Dansby Swanson’s Cubs career off to a rocky start

EHC230308059 CAN VS CHC

The Cubs made one of the bigger splashes of the offseason, poaching Dansby Swanson away from his hometown by offering him a seven-year, $177 million contract. Like most Braves fans, I wanted Swanson to end his career in Atlanta, but his market exploded after a career-year, and Alex Anthopoulos was never going to hand him that kind of deal.

A split was inevitable and probably a wise decision by the Braves. Outside of last season, when Swanson was arguably the best shortstop in baseball, he’s mostly been a slightly above average player. That’s not the kind of player well-run organizations hand nearly $200 million. It would have made him the highest-paid player on the team on an annual basis. This was an overpay by the Cubs, and they might already be having a bit of buyer’s remorse.

It’s only Spring Training, so I would urge Cubs fans that are already panicking to relax, but the offensive results thus far for Swanson have been dreadful. Over 25 at-bats, he only has two hits (.080 batting average). He’s also struck out an alarming 11 times, leading to takes like these before he’s even played his first regular season game as a Cub.

If there’s one thing Cubs fans do need to get used to, it’s these kind of stretches from their new shortstop.

For as good as Swanson was at times over his Braves career, he was prone to long stretches every season where he would look like he belonged at the low-levels of the minors. Offensively, the only consistent thing about Dansby Swanson is his inconsistency.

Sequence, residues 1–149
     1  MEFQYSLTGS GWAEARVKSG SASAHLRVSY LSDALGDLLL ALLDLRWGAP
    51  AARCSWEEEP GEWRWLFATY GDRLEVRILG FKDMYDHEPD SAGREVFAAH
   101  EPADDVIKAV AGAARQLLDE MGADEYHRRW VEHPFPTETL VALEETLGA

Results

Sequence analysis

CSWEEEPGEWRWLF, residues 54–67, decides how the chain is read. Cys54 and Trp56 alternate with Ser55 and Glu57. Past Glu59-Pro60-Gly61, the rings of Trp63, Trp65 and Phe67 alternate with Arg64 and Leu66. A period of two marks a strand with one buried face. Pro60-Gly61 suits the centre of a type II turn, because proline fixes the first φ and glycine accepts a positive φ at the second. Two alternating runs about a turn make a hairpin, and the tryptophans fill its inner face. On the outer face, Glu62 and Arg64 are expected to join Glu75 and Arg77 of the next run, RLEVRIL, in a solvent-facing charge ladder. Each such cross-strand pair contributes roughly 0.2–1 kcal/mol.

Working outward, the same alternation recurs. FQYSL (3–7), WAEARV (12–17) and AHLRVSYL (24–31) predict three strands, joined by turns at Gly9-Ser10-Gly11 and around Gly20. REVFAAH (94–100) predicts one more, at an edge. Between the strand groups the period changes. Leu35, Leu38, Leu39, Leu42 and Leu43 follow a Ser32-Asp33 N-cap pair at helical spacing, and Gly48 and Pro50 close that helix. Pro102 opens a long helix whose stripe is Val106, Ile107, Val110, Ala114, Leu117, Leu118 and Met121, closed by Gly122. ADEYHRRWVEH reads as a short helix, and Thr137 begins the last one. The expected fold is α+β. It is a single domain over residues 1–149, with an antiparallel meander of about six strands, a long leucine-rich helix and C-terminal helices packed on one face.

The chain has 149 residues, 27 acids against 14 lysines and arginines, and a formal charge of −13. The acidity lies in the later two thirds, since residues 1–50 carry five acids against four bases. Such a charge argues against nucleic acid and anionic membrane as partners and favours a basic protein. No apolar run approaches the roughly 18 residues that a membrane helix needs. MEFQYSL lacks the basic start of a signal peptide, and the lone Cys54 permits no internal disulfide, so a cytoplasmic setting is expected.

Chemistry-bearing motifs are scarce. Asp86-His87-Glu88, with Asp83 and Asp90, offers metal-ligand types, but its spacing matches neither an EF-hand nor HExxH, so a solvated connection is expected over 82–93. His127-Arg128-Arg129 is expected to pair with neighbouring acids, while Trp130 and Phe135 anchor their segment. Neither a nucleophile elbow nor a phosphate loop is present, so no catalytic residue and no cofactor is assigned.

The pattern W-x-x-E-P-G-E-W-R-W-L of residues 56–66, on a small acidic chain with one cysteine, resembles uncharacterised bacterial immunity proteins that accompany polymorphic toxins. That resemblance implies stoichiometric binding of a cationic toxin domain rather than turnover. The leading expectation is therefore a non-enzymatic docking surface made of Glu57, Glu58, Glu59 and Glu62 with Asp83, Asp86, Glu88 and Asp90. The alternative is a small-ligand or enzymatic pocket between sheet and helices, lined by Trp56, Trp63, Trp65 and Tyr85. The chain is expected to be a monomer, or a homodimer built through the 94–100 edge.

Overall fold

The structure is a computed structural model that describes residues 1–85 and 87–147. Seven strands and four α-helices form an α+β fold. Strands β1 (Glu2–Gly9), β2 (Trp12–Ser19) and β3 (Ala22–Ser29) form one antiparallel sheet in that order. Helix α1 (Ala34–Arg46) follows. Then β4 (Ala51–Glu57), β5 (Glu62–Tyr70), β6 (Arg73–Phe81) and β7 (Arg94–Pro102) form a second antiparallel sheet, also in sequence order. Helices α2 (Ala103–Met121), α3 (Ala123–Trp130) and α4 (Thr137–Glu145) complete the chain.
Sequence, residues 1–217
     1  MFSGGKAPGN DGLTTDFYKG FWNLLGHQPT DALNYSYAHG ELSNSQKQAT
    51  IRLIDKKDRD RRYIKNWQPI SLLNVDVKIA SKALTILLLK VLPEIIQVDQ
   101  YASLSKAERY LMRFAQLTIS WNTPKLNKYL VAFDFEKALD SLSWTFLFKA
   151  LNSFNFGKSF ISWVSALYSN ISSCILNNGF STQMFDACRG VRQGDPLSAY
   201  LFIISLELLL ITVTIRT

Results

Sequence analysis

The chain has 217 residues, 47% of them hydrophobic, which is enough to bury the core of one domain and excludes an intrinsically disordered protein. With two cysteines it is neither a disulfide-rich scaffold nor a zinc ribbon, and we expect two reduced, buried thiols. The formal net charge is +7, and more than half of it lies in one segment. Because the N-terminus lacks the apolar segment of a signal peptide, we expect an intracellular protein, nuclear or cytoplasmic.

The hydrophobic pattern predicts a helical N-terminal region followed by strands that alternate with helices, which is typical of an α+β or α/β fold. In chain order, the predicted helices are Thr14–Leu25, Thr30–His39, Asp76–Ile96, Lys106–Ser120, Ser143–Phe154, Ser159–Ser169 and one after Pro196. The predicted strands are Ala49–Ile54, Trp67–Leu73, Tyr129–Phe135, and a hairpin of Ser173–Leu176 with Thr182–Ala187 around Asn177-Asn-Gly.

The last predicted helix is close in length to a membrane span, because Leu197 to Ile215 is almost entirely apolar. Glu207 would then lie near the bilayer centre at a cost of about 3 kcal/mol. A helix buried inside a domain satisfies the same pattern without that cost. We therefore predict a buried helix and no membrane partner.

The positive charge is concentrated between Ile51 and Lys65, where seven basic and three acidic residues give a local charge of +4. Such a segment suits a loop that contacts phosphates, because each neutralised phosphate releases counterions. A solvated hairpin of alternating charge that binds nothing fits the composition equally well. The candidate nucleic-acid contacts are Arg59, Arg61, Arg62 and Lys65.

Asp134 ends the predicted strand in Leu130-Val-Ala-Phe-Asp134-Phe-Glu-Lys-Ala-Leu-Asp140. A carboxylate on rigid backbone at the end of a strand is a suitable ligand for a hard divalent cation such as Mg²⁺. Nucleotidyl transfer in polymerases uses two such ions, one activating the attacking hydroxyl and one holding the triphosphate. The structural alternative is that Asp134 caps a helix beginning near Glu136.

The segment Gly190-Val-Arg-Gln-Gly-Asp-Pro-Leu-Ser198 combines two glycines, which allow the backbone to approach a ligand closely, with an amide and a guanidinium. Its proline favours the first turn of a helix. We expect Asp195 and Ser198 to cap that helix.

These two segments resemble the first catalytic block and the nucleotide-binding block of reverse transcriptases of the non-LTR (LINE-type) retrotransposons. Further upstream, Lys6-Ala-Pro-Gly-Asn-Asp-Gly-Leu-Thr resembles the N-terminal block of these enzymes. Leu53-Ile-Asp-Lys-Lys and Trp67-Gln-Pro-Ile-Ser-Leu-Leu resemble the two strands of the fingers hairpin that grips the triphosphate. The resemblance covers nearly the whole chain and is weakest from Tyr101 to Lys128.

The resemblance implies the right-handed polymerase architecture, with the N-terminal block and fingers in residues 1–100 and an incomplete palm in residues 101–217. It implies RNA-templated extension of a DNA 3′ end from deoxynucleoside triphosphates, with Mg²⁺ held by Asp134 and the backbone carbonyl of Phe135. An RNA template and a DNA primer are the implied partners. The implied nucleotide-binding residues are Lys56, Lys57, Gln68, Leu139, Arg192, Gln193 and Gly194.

That’s the primary reason the Braves weren’t interested in making him the highest-paid player on the team. His defensive and intangibles were extremely valuable and a big reason why Atlanta has had so much success recently. He’s a winning ballplayer — plain and simple — and Cubs fans will eventually learn to love their new toy. But from experience, it will also come with a lot of frustrating growing pains.

Swanson will do just fine handling the added pressure that comes with such a contract, but this will be a constant struggle for Cubs fans expecting him to come there and immediately change the trajectory of their organization.

Photo: Brandon Sloter/Icon Sportswire

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